Lessons from a young founder trying to sell the dream

 

Blog post by ELP Student Jack Griffin (Business Admin | Class of 2019)

 

I love public speaking. I love pitching. I love sharing my story. In these scenarios, it’s dreadfully easy for entrepreneurs to seem less like driven and passionate innovators and more like used car salesmen. No one is charmed by the person who seems a little too amped up about their company or too quick to write off the risks.

That’s why I’m thankful to convey the sincerity of my story whenever I go into my spiel. I’m not merely repeating a pre-written script in my head. I’m welcoming other people into my vision for the future. I’m also making a point to let them know that I appreciate them for even taking the time to listen.

My name is Jack Griffin, and for the past five years I’ve been growing FoodFinder. FoodFinder is the nonprofit I founded at 16 to help food insecure families easily find food pantries and other food assistance programs near them. The takeaways below are four of the most valuable lessons I’ve learned from not only working on FoodFinder but also from talking about my work to partners, donors, and good ol’ regular folks. These can apply to any cause, project, or initiative you care about. Whatever your circumstances may be, for whatever dream you want to make a reality, I wish you the best of luck!

 

Lesson 1: It’s Not What You Do, It’s Why You Do It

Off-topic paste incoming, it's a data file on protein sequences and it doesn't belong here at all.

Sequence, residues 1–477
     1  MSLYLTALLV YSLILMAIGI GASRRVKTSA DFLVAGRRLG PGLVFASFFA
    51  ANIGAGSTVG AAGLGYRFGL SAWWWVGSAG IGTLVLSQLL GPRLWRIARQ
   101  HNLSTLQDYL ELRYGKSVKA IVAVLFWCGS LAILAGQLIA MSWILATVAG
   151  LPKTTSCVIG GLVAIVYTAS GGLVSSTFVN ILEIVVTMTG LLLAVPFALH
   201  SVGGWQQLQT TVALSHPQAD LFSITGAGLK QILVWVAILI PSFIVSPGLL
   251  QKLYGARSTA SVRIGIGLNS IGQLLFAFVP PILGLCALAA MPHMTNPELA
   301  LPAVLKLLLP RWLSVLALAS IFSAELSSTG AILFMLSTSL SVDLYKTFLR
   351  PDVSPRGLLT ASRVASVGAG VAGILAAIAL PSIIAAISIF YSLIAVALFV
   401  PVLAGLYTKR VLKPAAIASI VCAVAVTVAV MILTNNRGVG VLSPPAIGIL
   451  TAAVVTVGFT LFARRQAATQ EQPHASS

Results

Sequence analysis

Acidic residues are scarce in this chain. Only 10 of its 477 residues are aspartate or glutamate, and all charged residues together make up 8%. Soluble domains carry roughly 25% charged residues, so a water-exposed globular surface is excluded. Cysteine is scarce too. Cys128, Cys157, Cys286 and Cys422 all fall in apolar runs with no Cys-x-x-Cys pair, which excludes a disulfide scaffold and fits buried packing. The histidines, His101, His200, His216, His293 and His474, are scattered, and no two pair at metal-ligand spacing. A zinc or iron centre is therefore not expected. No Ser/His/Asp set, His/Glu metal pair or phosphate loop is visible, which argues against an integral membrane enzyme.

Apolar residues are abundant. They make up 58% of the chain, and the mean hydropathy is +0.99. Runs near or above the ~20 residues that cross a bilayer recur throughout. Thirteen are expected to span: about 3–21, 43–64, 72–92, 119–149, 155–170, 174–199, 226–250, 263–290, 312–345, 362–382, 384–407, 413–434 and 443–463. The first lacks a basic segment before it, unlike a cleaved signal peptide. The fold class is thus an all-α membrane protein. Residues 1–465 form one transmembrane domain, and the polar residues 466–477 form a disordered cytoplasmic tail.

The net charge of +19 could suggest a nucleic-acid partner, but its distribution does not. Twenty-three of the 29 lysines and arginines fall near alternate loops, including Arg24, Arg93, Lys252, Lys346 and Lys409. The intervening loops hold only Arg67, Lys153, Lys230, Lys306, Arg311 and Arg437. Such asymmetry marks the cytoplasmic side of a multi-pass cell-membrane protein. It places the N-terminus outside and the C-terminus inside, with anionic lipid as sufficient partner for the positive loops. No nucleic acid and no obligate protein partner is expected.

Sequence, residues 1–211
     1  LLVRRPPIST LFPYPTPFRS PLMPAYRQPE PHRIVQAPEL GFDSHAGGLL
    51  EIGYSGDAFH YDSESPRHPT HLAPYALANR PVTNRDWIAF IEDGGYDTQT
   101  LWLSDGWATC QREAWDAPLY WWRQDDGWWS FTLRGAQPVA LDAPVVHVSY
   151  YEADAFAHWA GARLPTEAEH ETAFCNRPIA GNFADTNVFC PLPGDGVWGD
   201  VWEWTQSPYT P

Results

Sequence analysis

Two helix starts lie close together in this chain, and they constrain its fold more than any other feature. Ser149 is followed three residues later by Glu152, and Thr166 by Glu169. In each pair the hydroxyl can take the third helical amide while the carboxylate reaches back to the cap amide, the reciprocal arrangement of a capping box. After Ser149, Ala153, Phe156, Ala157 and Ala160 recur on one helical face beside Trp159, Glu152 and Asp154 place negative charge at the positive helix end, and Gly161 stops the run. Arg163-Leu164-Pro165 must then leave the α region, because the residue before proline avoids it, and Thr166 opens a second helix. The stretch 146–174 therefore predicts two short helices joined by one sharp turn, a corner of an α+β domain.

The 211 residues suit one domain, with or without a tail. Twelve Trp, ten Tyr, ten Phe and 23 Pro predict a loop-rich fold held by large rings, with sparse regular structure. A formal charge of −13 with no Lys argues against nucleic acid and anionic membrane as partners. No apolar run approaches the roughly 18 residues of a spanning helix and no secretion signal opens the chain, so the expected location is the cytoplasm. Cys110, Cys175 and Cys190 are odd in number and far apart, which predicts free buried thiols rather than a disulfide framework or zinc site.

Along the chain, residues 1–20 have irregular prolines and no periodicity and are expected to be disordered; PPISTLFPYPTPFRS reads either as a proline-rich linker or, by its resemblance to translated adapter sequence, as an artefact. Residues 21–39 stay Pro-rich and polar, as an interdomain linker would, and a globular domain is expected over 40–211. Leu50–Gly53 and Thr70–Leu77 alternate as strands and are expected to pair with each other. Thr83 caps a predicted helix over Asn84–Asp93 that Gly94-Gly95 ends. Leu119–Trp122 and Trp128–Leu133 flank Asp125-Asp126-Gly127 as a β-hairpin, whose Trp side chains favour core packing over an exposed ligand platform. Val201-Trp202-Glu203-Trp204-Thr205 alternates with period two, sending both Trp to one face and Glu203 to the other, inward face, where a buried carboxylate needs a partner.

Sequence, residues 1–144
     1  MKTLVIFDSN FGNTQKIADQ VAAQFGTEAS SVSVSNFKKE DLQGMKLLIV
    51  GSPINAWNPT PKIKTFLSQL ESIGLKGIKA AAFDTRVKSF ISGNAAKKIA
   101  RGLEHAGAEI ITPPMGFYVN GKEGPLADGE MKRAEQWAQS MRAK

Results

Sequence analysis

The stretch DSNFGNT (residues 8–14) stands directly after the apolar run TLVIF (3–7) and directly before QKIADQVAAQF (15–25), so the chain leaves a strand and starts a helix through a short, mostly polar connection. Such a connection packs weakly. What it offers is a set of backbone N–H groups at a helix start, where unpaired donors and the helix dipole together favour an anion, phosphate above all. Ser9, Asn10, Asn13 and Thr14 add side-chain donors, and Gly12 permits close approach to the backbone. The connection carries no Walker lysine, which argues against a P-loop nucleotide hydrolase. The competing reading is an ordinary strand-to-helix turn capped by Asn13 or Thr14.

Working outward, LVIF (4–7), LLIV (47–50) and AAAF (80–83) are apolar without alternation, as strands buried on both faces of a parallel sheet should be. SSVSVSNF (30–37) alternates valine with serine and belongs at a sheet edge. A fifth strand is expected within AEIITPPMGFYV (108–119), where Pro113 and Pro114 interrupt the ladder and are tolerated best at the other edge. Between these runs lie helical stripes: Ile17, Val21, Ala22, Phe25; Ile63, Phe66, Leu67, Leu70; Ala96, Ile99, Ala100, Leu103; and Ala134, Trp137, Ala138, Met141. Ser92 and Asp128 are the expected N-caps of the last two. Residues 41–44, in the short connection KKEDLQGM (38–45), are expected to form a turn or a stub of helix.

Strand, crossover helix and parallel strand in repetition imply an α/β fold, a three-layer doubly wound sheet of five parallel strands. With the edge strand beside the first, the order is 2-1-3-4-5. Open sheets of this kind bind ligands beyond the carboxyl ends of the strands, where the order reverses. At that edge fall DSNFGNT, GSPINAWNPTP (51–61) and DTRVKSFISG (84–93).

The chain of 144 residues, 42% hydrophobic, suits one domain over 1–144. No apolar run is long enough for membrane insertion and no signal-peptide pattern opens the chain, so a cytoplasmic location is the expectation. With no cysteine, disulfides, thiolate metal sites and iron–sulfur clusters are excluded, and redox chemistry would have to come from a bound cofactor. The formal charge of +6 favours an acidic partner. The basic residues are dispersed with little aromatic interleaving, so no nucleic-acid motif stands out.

In theory, why you devoted your life to a certain cause doesn’t mean a lot in the long run. The work itself and the opportunities that lie in the future are the most important pieces of puzzle, right? Well as I’ve come to discover, it’s the “why” that leaves the greatest impression on the people you talk to. The answer to “Why did you start on this path?” tends to be far more compelling than “What does your average day look like?”

An example: Scott Harrison is the founder of Charity: Water, an extremely effective nonprofit that has raised a quarter of a billion dollars to go towards clean water access for impoverished communities. How’d he get the idea? He was a nightclub promoter for 10 years and sick of it, took a humanitarian trip to Africa, saw how hard it was to get clean water, and realized his new purpose.

Now that’s good stuff.

The catalyst that led you to the first day of your journey is what will keep you going on the thousandth day.

 

Lesson 2: All You Need is a Smile and a Name Tag

Stickers help too. But this is to say that a meaningful interaction with someone regarding your venture is independent of the setting, the duration, or the context. All you need is a smile that invites other people in. It’s tempting to fall victim to the siren song of PowerPoint and other tools that tell your story for you. At the end of the day, you are what people care about. It might take on a hundred different forms, but your story is best told by you, in person, to people who care about your work.

Apart from spontaneous instances like the namesake happenstance of an elevator pitch, there are times when you have to talk more frequently about your work than others. Take conferences and trade shows. Once you’ve carved out your slice of paradise (aka a 3’x5’ table in a convention hall in the corner by the bathrooms), you’ll talk to anyone who stops by.

This is where the name tag comes in. Sight is an extremely powerful sense that affects our perception of the world.